Telescopes And Observing

Major types of telescopes: Refractors, Reflectors and Compound

When astronomers talk about the size of a telescope they are talking about the diameter of the lens or mirror. The diameter is very important because it determines how much light the telescope can gather. Many objects aren't extremely small, but they are often very faint. The greater a telescopes diameter the more light it can collect, and the brighter objects will appear in the eyepiece.

Refractors have a lens in front and an eyepiece in the back. The lens bends (refracts) the light from a distant object to come to a focus near the eyepiece.

Reflectors have a special curved mirror in the bottom of the telescope and usually an eyepiece at the top, but sometimes at the bottom. The curved mirror reflects the light to a focus near the eyepiece. Some reflectors are easy and fun to build. Here are detailed plans on building a Dobsonian Reflector.

Compound telescopes use both a lens and mirrors to make the image, the eyepiece is usually at the back. Compound telescopes are usually very short in relation to their diameter. A compound telescope is a reflector with a lens in front that makes the stars at the edge of the field of view appear very crisp and sharp.

Each type of telescope has its advantages. Refractors can give very sharp images for their size (diameter), however, it is very difficult and expensive to make them very large. Reflectors are much easier to make and can be made very, very large. Compound telescopes fall in the middle, between refractors and reflectors. Here are several other important considerations:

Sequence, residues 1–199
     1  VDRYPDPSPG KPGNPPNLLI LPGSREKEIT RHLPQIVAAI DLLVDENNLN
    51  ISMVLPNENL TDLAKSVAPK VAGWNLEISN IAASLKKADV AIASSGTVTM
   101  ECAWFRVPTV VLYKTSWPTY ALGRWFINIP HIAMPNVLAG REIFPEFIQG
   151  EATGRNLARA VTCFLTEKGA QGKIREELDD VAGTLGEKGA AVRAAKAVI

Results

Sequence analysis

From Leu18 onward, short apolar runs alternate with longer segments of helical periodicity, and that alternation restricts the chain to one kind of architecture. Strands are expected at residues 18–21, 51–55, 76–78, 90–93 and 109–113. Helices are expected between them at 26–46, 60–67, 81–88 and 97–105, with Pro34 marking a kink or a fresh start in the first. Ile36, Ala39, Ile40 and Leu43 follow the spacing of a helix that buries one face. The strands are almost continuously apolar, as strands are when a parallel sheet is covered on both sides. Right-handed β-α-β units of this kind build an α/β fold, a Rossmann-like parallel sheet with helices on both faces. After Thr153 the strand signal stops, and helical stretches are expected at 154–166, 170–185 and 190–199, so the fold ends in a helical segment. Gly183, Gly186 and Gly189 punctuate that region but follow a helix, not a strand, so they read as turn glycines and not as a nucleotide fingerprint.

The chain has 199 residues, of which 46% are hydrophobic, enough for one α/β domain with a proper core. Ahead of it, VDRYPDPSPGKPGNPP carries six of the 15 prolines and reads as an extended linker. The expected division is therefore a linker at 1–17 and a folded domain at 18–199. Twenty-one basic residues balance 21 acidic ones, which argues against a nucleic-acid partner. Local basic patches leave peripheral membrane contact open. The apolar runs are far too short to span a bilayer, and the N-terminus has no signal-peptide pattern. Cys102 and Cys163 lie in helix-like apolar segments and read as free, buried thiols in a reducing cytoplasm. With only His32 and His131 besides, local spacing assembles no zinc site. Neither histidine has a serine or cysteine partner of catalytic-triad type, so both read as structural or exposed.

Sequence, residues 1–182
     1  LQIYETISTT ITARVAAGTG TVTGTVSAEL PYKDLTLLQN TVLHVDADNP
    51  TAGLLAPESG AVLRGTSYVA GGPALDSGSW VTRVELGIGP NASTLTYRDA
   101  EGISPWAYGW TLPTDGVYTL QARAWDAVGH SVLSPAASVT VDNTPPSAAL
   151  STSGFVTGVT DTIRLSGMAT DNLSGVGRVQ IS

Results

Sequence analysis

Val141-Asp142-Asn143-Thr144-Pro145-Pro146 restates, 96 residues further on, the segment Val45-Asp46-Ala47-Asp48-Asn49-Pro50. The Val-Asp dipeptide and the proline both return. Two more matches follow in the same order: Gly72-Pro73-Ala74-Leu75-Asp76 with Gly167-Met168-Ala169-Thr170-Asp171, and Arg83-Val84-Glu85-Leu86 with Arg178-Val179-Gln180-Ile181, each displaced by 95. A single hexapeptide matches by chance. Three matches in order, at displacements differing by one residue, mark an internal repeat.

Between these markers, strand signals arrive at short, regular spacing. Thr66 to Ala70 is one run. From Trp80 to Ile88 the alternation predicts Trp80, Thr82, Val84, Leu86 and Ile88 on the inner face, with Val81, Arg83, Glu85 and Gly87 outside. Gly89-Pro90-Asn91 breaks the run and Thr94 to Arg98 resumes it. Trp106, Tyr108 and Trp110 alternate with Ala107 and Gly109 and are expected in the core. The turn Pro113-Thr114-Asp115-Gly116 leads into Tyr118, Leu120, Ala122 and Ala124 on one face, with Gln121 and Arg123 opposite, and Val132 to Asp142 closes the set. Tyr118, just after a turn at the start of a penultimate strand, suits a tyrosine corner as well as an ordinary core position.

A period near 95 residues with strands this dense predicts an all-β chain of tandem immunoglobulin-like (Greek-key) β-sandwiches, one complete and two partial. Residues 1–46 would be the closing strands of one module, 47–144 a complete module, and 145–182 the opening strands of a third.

Using An Astronomical Telescope

Magnification is important, but often the ability to gather lots of light is more important. The larger the diameter of lens or mirror, the more light the telescope can pass through the eyepiece.

Finding objects in the night sky takes some practice. A simple, non-magnifying finder, like a TELRAD, makes it easy to accurately point the main telescope. At the same time it helps to use a low power eyepiece in the main scope. After you find the object, then try more power.

Star charts often make finding objects easier. They don't need to cost a lot. One of your charts should show a wide part of the sky and the another should be very detailed, showing a small part of the sky near your object of interest.

Most astronomical telescopes don't show objects the way you see them through bino- culars. Telescopes often show the image upside down and some show the image reversed from left to right. To make the image like it is in binoculars you must place more lenses in the light path. Since lenses and mirrors are not 100% efficient at 'passing light, the fewer times you require the light to be changed, the more light you get out the eyepiece.

How to get better at observing: Keep practicing, come to star parties, and ask questions. The more observing you do the more you will see. Your brain learns to see more detail. If an object is very dim try centering your gaze just off to the side of the object.


NORTON'S 2000.0 STAR ATLAS AND REFERENCE HANDBOOK, edited by Ian Ridpath, excellent general astronomy reference source.

BURNHAM'S CELESTIAL HANDBOOK by Robert Burnham, Jr., 3 vol. set, a wealth of information about things outside the Solar System.

Copyright Rich Neuschaefer
Contact Mark Wagner via E-Mail